Petr Kostka is solid in the central dual role but standout performances come from Jiri Sovak as the head of the elderly Nazis and Frantisek Vicena as Adolf Hitler himself. Both shine in a supremely funny, extended comic setpiece in Hitler’s bunker in which the seemingly foolproof plan comes unpicked little bit by little bit. Sovak does one of the best comedy reactions to escalating disaster I’ve ever seen, exquisite in its understatement. It’s perhaps the defining performance of the film, tackling the potentially zany chaos with measured dignity instead of wild mugging. Vicena, meanwhile, is one of the most effective screen Hitlers I’ve ever seen, certainly in a comedy film. The surprising twist here, especially after he was so roundly mocked in the opening credits, is that the Hitler role is almost entirely straight in both writing and performance. During the comedy moments, Hitler is merely the revered figure whose disapproving presence heightens the Nazis’ humiliation. But it is in a deadly serious moment that Vicena truly shines, as Hitler views images of his imminent downfall via a futuristic projection device. The resultant disbelief, panic, denial and impotent anger Vicena displays is an incredibly powerful moment, especially in juxtaposition with the major comic stretch that proceeds it.
In the post-Hitler’s-bunker scenes, Tomorrow I Will Wake Up and Scald Myself With Tea heads in another direction and the major reference point seems to switch from children’s TV sci-fi shows to classic French farce, as Jan sets about putting right everything that has gone so badly wrong. Although there are one or two small plot holes (as there so often are in films of this kind), by now the viewer is so engaged by the film’s own brand of logic that they pass without question and the neat resolution is satisfying and uplifting, in keeping with the tone of the film. Small ideas that seemed like throwaway gimmicks come back to feature in the plot and recast our opinion of earlier scenes as we begin to realise how tight this film is. It’s a film of many diverse and interesting ideas but ultimately, nothing is there without a good reason.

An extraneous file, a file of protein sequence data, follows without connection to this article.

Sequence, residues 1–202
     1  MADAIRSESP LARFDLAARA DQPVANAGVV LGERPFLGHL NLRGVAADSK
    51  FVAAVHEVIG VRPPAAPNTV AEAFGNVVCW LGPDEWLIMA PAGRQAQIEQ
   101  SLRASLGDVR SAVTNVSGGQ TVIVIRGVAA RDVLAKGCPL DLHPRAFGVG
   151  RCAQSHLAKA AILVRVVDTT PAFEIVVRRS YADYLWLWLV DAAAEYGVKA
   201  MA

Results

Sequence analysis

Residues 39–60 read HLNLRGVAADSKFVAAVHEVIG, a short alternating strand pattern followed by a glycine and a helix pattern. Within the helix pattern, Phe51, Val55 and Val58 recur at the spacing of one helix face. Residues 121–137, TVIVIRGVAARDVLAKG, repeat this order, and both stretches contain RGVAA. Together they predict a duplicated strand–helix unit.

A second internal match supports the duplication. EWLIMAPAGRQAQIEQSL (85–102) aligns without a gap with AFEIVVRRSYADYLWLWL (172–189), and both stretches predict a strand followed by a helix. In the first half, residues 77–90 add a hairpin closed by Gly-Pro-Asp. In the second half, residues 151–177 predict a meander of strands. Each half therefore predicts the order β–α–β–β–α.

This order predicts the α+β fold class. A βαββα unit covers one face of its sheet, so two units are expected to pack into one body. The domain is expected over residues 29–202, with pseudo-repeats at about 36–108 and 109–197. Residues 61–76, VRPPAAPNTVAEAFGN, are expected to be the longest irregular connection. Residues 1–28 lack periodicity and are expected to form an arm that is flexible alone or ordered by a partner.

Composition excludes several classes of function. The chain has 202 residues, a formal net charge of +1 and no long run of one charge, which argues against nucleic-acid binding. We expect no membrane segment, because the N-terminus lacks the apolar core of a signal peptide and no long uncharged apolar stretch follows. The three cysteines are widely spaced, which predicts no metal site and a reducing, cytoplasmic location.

I sat down to watch Tomorrow I Will Wake Up and Scald Myself With Tea expecting an interesting curio and, as the hour and a half flew by, my heart swelled at the experience of discovering an overlooked classic. I was left with a real sense of privilege at being one of the few people to have seen this gem, as well as a head full of names of people to whom I must show this fascinating, bizarre but instantly accessible and phenomenally enjoyable movie. I look forward to the endless joy that sharing this film with others will bring me. Perhaps someday the BBC will see the light and repeat it again but until that day I’ll be thankful for those ten minutes I spent navigating that Czech website and consulting online currency converters!
* Close to 9 years after this review was written, Second Run have released the film on Blu-ray and DVD in the UK. Read David Brook’s review for full details.